Medicine is a unique career in which, regardless of formal titles, all physicians will be considered leaders. After more than a decade of higher education one may presume that physicians entering independent practice have received formal instruction on effective leadership, but too often that is not the case. Leadership development was traditionally an investment in those who demonstrated characteristics of “natural born leaders” chosen for positions of authority. However, as our expectation of leadership has evolved, so should our approach to training and development. The authoritative leadership model has been replaced by a collaborative vision of leading through influence.1
Despite growing awareness of the importance of leadership development, it remains sparsely integrated into graduate medical education, and is infrequently included in radiation oncology residency specifically. Leadership development should be regarded as a part of lifelong learning, recognizing its ability to positively impact physician development. Radiation oncology training affords four years for developing leadership skills at a critical point of a young physician’s career.
Professionalism, interpersonal skills, and communication are core competencies of resident education and important components of leadership, but there is more. Suppose there is a skill that correlates with resident wellness, performance, and decreased burnout. Should we be teaching that? What if that skill is also associated with quality improvement and patient outcomes? Emotional intelligence is an integral part of leadership development that can be taught, measured, and positively impacts all of the above.2-4 Implementing a leadership development program takes considerable investment, but the results can be influential in the short and long term.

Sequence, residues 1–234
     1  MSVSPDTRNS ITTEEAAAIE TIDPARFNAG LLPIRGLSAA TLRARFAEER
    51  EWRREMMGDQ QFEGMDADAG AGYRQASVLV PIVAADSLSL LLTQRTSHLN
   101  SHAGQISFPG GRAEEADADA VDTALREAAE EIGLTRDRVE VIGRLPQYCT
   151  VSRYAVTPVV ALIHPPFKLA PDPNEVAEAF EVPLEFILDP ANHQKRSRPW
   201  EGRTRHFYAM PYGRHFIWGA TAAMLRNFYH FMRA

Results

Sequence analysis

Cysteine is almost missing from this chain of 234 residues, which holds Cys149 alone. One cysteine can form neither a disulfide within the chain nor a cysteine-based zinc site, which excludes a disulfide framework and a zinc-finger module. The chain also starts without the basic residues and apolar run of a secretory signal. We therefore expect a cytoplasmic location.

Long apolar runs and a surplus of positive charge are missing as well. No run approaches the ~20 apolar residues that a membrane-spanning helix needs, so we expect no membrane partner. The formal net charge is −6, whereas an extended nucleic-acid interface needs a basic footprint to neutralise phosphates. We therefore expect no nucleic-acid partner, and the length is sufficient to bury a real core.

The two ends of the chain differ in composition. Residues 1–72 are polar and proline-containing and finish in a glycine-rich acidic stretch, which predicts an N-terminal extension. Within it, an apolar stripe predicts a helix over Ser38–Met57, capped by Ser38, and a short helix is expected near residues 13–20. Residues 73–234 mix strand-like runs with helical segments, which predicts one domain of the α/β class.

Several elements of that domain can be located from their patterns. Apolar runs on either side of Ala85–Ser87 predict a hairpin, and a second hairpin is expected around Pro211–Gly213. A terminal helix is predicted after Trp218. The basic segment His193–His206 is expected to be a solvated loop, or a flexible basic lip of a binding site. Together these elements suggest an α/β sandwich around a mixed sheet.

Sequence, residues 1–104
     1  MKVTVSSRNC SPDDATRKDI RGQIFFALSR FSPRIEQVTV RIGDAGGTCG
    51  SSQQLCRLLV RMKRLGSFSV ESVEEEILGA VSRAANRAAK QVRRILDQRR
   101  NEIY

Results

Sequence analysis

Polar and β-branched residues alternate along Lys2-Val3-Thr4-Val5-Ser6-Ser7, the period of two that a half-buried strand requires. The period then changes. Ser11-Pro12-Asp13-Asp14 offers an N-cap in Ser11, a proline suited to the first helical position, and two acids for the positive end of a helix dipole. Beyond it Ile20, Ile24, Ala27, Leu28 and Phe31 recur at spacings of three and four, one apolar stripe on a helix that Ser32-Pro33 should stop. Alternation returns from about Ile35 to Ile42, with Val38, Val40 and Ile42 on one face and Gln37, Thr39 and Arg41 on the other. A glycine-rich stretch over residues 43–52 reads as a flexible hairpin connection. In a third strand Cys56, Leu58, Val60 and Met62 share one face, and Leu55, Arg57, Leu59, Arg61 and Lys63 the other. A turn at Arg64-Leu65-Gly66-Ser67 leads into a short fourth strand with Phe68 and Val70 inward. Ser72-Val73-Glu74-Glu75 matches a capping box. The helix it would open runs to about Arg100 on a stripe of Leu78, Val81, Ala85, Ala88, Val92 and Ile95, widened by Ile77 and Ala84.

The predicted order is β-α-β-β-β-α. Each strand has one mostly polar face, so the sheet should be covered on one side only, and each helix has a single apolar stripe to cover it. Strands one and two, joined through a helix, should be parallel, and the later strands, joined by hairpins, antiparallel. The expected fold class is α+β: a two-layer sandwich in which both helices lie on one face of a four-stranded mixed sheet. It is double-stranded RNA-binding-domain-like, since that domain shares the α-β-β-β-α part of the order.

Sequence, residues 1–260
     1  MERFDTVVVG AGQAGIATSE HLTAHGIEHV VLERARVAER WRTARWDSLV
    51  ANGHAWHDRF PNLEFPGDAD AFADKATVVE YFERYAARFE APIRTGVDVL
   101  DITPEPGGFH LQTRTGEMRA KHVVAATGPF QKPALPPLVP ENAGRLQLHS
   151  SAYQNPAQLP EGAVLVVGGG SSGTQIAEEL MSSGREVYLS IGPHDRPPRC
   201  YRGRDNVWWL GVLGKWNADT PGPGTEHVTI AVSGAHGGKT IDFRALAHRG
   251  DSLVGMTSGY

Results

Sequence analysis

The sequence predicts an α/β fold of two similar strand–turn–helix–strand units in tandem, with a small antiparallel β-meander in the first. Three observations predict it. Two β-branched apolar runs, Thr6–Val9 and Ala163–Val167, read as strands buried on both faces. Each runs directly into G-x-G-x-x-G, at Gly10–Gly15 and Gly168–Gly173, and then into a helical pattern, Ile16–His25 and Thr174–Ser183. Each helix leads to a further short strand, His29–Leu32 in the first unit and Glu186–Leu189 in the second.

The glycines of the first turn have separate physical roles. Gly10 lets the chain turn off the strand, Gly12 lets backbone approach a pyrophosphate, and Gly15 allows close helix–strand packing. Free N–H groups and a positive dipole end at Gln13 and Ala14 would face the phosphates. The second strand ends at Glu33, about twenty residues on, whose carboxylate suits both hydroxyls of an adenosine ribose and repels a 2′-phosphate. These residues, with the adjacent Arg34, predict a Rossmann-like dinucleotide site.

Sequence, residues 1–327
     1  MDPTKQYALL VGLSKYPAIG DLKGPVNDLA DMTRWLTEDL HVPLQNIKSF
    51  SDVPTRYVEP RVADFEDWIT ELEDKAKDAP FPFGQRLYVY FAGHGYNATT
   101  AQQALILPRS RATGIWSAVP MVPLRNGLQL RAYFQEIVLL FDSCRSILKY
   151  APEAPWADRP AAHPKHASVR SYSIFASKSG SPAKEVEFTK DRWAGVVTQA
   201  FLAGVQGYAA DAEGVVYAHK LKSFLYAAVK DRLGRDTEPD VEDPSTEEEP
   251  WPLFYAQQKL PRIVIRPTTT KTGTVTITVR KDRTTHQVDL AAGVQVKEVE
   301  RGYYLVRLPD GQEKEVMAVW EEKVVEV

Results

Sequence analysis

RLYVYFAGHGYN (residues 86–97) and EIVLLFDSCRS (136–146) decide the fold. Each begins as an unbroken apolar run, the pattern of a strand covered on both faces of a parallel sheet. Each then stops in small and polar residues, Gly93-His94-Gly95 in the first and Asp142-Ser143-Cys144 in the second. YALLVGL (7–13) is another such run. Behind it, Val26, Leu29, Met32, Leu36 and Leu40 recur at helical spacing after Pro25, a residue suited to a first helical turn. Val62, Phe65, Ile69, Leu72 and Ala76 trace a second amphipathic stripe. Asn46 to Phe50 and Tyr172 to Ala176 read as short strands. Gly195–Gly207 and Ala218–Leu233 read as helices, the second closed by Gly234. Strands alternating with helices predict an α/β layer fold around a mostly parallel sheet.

The Cleveland Clinic residency program has been innovative in its creation of a leadership curriculum within the formal curricular structure. Leadership training takes place during semi-annual group retreats scheduled during regular clinical hours. The focus of retreats includes self-awareness, team-building, principles of effective communication, cultural development, and operational leadership.5 As residents, we participate in both individual and group activities that facilitate strength finding, the understanding of leadership styles, and the learning of effective communication skills to enable conflict management. These daylong retreats are well received by residents and often followed by an enjoyable group bonding activity such as axe throwing, doing an escape room challenge, and volunteering with local organizations.
Failing to incorporate formal leadership development into residency training is a missed opportunity. Every physician is a leader and providing basic training during residency prepares new graduates to be effective leaders. We need to remove the notion that leadership training is for those interested in heading a committee or department and instead provide the stable framework upon which new graduates can more effectively manage their clinical practice. The future of medicine will be value-based, patient-centered care, and the new generation of radiation oncologists will need the leadership skills to guide our field through this transition.
Campbell SR. Leadership development: Why is it important for radiation oncology residents?. Appl Rad Oncol. 2019;8(4):6-7.
Dr. Campbell is a resident physician at the Cleveland Clinic, OH.